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Marvel Hires New Publisher
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CrossGen's Solus #7
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Marvel Searches For She-Hulk
Writer Geoff Johns and artist Scott Kolins reunite for Marvel's Avengers as they search for She-Hulk.
Virtex Returns For Digital Webbing
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Marvel's Mutants Gains New Penciler
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Image Rocks Out With Shangri-La
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Marvel Teams Up For A Good Cause
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Davis' Marquis Returns In December
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Marvel Unveils '04 FF Plans
Marvel plans three Fantastic Four series for 2004, and we've got the details and preview art. Check this out.
2F2F DVD Contest
The hit street racing film 2 Fast 2 Furious is driving to DVD players near you. Win a free copy from Slush and Universal.

Book Review:
Comic Wars
By Matt Singer


For mainstream comic book fans in the 1990s, Marvel's bankruptcy was an ever-present itch, impervious to scratching and Calamine lotion. Personally, I was unclear as to what was going on, understanding only that Marvel was in the financial toilet. As long as they kept making comics, everything was simpatico, but there was always that lingering thought that Marvel might just stop existing.

That was scary. What's scarier still is how close it came to happening, and even MORE chilling, the staggering number of times it got near complete corporate meltdown. Reading Dan Raviv's COMIC WARS, about Marvel's financial troubles, is like running in a circle that is slowly closing in on itself. Every page feels like a step closer to the end. Every comic book fan knows Marvel emerged from the bankruptcy relatively unscathed, but reading the book, that fact seems like a genuine miracle.

Before Marvel finally lifted itself out of bankruptcy, it was under the stewardship of two men (Perelman and, briefly, Carl Icahn) who had admittedly never read comic books. They were businessmen, plain and simple. Each had success in the past as corporate raiders, but Marvel was the thorn in both their sides. The cover word balloons say it all: "How two tycoons battled over the Marvel Comics empire...and both lost!!"

Comic book fans interested in the corporate side of industry will be fascinated by the details. I hate business (and the dubious morals on display here represent a big reason why), but reading the accounts of Marvel creditors clawing their way at the limited assets of the company is akin to the fascination-repulsion instinct when watching a car wreck. These people's actions are variously deplorable, nauseating, pathetic, underhanded, and fiendishly clever. But it makes for good reading.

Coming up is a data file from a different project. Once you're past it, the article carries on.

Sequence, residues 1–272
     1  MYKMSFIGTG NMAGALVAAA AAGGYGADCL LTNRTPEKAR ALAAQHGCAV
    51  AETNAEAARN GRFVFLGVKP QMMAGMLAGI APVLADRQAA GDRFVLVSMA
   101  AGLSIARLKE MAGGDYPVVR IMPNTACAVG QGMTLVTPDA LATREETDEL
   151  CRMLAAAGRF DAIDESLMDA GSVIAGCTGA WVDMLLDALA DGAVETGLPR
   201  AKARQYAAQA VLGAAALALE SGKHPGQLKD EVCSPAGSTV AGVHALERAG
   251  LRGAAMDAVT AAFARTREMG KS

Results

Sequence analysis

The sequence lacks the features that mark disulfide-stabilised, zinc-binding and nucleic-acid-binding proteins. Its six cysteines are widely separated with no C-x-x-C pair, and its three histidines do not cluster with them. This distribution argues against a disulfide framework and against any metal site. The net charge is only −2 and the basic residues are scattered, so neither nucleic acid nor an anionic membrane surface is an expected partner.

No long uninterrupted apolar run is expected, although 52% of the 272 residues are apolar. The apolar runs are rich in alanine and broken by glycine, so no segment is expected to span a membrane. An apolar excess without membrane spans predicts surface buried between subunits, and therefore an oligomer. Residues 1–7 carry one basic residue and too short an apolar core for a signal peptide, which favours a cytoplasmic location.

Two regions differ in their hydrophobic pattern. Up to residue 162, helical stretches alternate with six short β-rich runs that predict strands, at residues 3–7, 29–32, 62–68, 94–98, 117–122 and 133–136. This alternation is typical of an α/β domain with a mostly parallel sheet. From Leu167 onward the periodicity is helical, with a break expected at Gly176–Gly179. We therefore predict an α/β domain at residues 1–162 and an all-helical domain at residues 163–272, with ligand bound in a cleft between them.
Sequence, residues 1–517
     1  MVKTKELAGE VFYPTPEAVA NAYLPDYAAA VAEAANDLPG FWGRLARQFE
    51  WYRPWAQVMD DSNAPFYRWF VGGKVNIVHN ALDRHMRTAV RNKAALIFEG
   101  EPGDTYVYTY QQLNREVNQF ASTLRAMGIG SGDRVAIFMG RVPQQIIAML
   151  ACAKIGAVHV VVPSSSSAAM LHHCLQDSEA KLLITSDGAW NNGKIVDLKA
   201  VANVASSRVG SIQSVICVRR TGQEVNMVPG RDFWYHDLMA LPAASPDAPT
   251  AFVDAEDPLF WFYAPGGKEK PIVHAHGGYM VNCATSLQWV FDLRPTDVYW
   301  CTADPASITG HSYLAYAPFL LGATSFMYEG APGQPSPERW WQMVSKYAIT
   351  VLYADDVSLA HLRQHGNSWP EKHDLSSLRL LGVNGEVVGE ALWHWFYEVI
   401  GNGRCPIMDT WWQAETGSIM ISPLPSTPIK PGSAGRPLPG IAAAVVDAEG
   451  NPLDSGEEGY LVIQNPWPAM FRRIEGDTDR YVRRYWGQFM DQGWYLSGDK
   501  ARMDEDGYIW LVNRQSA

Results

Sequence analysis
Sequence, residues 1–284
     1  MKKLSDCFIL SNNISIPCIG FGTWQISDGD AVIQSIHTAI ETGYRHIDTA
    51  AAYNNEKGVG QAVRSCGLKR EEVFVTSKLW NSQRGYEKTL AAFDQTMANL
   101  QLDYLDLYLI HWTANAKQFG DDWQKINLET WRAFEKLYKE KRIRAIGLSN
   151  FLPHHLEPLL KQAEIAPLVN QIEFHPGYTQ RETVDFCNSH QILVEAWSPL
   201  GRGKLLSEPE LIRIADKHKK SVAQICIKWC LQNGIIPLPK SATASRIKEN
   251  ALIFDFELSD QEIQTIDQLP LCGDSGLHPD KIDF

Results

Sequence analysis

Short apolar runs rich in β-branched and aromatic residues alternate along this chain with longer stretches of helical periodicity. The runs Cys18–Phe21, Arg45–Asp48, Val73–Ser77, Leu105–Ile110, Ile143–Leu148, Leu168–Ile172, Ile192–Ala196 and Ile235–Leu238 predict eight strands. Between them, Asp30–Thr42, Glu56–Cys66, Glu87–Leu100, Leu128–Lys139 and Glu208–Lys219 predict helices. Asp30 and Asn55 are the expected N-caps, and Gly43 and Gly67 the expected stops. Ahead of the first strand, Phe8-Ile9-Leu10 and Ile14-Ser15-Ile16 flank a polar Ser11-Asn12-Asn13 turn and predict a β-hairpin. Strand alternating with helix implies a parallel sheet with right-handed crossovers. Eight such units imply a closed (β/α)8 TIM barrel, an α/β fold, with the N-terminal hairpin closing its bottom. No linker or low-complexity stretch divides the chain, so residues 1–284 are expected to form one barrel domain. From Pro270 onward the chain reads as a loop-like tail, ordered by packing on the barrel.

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Raviv's narrative is filled with plenty of interesting tidbits and insider information. Sections on Avi Arad, a toy designer who has become a Hollywood producer and bible thumper of sorts for Marvel is an especially intriguing fellow. The notorious Bill Jemas pops up in the final chapter to give a Zen take on marketing ("Media is merchandise, and merchandise is media").

Still, the book could be better. Raviv's fly-on-the-wall style, incorporating public documents with interviews, is heavy on facts and light on style. His prose reads fairly well, but this isn't exactly a page-turner either. His attention to detail also becomes a bit of a detriment; by page two hundred you've read about so many creditors, debtors, trustees, holding companies, junk bonds, and preferred stocks that it's almost impossible to keep them straight in your head. And while Raviv chides the new owners of Marvel for not caring about their famous characters, he has written a 275-page book about the company and shown little more interest than they did; this is a book about a bankrupt company that happens to be in the business of comics. Do not expect a history of the characters, or even a history of the company. The phrase "high-yield" appears far more often than "comic books" (Marvel is, after all, an intellectual property company).

COMIC WARS doesn't so much end as it stops. Marvel is out of bankruptcy, but Raviv struggles to find some sort of happy ending, and none comes. The final few pages present possible futures for Marvel, mostly cause the company's story is continuing. If he had waited a few months longer before publishing the gigantic success SPIDER-MAN movie (of which Marvel gets a huge licensing fee AND a cut of the gross receipts from the tickets) would have made a fine conclusion, especially since Arad's fervor to get Marvel movies made is heavily charted throughout.

This book is not for all audiences, that is for sure; if you don't have a keen interest in Marvel or the quagmire of Chapter 11 bankruptcy, then your money won't be well spent on this expensive hardcover. Still, the depth of the information is impressive, and the narrative is as thorough as it is mind-boggling (Why would anyone give Ron Perelman money that he could use however he saw fit is, after reading this, completely beyond my realm of comprehension). It is a story of facts and numbers. The only conflict, the only desire, is about money. It is hard to make good comics when you don't care if they are good, so long as they sell lots.


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